December 2

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Belly Breathing: A How-To

By Rosanna Bearman

December 2, 2020


Sometimes our busy, crazy, hectic lives get the better of us and we forget to slow down. We have to-do lists with no end in sight, dishes piling up in the sink and that deadline at work approaching quicker and quicker. It’s ok to have a lot going on, but there comes a point where it feels like you’re about to burn-out. We’ve all been there!

Whatever we have going on in our lives, I think we can ALL benefit from taking a second to press pause, reconnect and relax.

What is Belly Breathing?

Belly Breathing is a breathing technique used to help relax the body and allow a good, healthy flow of oxygen to the brain all at the same time. When we are worked up, maybe feeling stressed or anxious, we tend to take more shallow breaths higher up in the ribcage. That’s totally normal. But when we Belly Breathe, we are drawing the breath lower into the diaphragm, which encourages us to take slower, more even breaths, it allows our heart rate to slow down a little and helps more oxygen find its way around the body. This all sends messages to the brain that it’s time to rest, even if it’s just for a few minutes, and sometimes that’s all we need.

How do I Belly Breathe?

The best position to figure out Belly Breathing is lying down on your back, however if it’s more comfortable for you to sit, just make sure you can relax in the position you’re in.

For the best possible moment of relaxation, make sure you’re in a place where you won’t be disturbed, somewhere you feel safe and totally comfortable. (But if this works for you on your break in the staffroom, just before you go into a dentist’s appointment, or between finishing the housework and picking the kids up from school, that’s awesome, too!)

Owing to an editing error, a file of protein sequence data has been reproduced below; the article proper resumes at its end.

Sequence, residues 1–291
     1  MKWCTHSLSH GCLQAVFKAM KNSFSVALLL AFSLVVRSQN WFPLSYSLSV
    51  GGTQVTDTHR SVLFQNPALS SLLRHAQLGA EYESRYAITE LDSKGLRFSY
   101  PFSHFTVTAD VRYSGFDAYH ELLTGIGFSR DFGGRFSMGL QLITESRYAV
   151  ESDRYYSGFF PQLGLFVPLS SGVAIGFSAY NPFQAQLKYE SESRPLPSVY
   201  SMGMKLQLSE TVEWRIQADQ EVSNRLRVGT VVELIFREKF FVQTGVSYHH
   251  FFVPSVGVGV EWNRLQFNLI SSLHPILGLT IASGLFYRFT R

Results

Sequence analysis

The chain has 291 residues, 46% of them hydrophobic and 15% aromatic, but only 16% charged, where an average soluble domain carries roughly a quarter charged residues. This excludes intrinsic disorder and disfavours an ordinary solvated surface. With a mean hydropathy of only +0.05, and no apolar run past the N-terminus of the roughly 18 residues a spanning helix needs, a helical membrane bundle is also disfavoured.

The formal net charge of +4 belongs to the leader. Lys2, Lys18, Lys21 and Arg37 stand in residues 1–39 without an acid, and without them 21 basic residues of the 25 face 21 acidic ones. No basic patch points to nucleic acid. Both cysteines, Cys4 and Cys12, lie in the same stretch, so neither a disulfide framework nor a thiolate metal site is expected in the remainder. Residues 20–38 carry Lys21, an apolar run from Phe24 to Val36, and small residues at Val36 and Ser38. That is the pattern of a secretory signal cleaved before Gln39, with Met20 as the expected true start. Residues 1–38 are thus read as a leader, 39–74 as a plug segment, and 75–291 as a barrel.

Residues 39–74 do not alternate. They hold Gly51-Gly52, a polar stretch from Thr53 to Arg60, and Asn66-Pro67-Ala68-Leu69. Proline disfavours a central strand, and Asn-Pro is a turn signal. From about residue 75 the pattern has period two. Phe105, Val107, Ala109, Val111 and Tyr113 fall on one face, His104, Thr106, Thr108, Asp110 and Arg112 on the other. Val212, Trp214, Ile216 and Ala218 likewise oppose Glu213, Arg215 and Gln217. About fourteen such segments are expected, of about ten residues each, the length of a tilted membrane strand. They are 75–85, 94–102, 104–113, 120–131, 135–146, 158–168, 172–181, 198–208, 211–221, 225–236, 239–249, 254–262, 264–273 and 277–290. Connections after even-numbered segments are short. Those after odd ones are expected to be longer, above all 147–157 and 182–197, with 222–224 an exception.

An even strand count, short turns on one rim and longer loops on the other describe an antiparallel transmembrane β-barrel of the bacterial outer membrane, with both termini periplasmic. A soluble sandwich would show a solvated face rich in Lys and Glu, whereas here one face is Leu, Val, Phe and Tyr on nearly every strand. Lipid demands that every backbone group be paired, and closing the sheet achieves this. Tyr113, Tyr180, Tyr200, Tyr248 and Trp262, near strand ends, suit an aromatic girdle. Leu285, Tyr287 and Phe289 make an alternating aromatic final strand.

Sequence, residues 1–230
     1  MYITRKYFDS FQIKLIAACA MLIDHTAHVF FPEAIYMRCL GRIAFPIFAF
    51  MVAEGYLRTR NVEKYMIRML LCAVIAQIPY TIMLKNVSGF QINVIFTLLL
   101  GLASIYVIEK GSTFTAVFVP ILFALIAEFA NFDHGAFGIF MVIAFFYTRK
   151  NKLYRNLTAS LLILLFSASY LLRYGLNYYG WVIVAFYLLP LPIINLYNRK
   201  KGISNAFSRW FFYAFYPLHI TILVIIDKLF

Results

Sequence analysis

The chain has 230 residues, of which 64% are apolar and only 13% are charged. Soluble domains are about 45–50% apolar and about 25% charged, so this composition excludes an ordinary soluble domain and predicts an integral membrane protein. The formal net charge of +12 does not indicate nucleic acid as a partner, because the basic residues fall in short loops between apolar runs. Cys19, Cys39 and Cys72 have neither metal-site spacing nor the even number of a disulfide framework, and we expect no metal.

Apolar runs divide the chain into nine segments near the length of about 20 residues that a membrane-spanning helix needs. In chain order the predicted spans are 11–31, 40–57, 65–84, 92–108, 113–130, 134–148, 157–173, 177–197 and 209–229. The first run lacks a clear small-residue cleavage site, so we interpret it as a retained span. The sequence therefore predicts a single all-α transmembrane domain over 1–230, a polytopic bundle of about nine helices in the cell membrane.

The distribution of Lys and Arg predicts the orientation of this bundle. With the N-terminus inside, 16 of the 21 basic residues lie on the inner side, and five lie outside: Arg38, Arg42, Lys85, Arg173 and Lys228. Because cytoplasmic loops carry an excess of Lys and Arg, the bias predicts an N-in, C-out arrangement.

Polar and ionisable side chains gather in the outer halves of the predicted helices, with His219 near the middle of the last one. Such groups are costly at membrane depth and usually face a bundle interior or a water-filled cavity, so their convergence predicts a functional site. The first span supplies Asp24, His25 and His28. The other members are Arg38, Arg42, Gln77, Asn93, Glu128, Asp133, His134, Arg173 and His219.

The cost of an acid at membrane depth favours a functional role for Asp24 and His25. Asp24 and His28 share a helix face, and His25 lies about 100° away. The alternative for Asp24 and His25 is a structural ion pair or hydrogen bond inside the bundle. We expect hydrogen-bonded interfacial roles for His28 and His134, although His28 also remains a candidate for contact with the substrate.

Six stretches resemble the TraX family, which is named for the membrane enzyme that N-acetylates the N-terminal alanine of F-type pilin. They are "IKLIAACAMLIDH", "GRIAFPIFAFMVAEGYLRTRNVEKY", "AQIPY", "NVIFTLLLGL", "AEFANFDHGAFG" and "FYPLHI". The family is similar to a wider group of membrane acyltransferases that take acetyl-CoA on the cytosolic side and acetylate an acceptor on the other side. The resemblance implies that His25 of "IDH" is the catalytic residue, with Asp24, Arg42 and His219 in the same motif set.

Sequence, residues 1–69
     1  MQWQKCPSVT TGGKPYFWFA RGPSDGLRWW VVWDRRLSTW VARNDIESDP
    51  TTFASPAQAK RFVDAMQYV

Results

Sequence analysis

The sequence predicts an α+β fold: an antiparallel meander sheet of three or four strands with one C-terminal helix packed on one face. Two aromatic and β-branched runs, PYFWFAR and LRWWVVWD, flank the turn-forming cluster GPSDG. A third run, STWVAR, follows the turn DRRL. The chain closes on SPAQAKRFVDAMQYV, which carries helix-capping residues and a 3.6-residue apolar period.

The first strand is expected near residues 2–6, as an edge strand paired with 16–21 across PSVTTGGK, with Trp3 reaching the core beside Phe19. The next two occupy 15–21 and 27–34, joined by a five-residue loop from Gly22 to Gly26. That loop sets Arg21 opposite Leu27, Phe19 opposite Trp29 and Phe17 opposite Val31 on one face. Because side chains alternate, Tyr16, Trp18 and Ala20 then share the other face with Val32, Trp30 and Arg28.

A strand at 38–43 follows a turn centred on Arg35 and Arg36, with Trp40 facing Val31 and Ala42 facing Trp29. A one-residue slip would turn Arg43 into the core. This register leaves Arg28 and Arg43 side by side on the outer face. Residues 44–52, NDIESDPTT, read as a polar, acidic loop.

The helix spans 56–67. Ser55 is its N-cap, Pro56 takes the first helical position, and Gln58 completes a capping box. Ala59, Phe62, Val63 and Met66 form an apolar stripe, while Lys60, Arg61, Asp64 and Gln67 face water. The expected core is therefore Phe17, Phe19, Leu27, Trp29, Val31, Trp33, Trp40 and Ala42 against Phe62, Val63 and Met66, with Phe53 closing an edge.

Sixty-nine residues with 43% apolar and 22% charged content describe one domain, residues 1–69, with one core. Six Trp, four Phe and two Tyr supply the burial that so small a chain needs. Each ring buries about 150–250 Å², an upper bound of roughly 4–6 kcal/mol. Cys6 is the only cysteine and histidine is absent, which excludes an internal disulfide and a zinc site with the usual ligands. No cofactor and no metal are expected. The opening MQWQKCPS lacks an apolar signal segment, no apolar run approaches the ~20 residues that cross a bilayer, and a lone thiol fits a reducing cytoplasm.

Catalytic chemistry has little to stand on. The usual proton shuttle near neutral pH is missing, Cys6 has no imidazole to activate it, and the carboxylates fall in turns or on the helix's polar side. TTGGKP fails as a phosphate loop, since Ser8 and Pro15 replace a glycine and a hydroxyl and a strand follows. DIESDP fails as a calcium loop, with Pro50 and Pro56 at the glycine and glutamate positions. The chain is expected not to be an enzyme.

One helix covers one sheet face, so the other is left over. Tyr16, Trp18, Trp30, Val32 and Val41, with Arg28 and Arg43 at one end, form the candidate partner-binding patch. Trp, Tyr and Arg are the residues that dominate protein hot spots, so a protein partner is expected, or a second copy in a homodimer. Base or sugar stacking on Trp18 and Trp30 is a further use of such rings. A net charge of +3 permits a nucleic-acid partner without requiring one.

Before trying to Belly Breathe, place one hand on your chest, and another on your stomach, and just breathe normally. Notice if you can feel one hand moving more than the other. Are you breathing more using the upper part of your chest? Or can you feel your diaphragm moving up and down as you breathe? Neither is right or wrong, but this is a good chance to check in with your body and really listen to it.

Notice the breaths you’re taking. Are they quite short? Or longer than you thought, now that you’re paying attention? Is there a pause between your exhale and your next inhale? Again, none of these things are good or bad, it’s just something to notice and be aware of.

Start to focus on the hand on your stomach, and draw in a little more breath if you have to, to start feeling that hand move up and down in time with your breathing. If this is something you struggle with to begin with, why not try taking a breath in for a count of four, and a breath out for four. This will slow down your breathing and allow you to draw more oxygen in to reach your belly.

As you breathe in, feel the oxygen fill your body with renewed energy, from the top of your head to the tips of your toes. And as you breathe out, feel any stress, worry or feelings of being overwhelmed wash out of you while your belly relaxes again.

How do I know if I’m doing it right?

All breathing techniques take practice. And Belly Breathing comes more naturally to some than others, but really anyone can do it!

Don’t ever force your belly to move up and down – your breathing will take care of that, and your stomach will naturally rise and fall with each breath. The more you practice this technique, the more easy and natural it will feel.

After a few quiet moments of Belly Breathing, tuning into your breath and listening to your body, you may notice that your body might feel a little heavier, or your shoulders have relaxed down an inch or two. You may feel that your head is a little clearer, and your mind will feel SO much better for having switched off for a few minutes.

This is a great breathing technique to do whenever you feel like you need to. Your muscle memory will start to pick up on the fact that this position and this way of breathing means it’s time to take a second and relax, making it easier to recharge your batteries and face the day with a stress-free, relaxed attitude.

Let us know if this breathing technique has helped you find a few moments of calm that you truly deserve in the comments!

Rosanna Bearman

A tea-drinking, yoga-loving, glass-half-full kind of girl. With a background in events management, as well as having spent a large portion of her life revolving around the performing arts, she loves writing about anything to do with organisation, self-discipline, health and heart fulfilling hobbies. She's also a passionate advocate for reading, watching, listening to whatever sets a spark inside. Although she's usually a go-with-the-flow person, since becoming a mother, mum-life means she often has to put her calm, collected and organised hat on - life is definitely a balancing act, but that's what makes it interesting!

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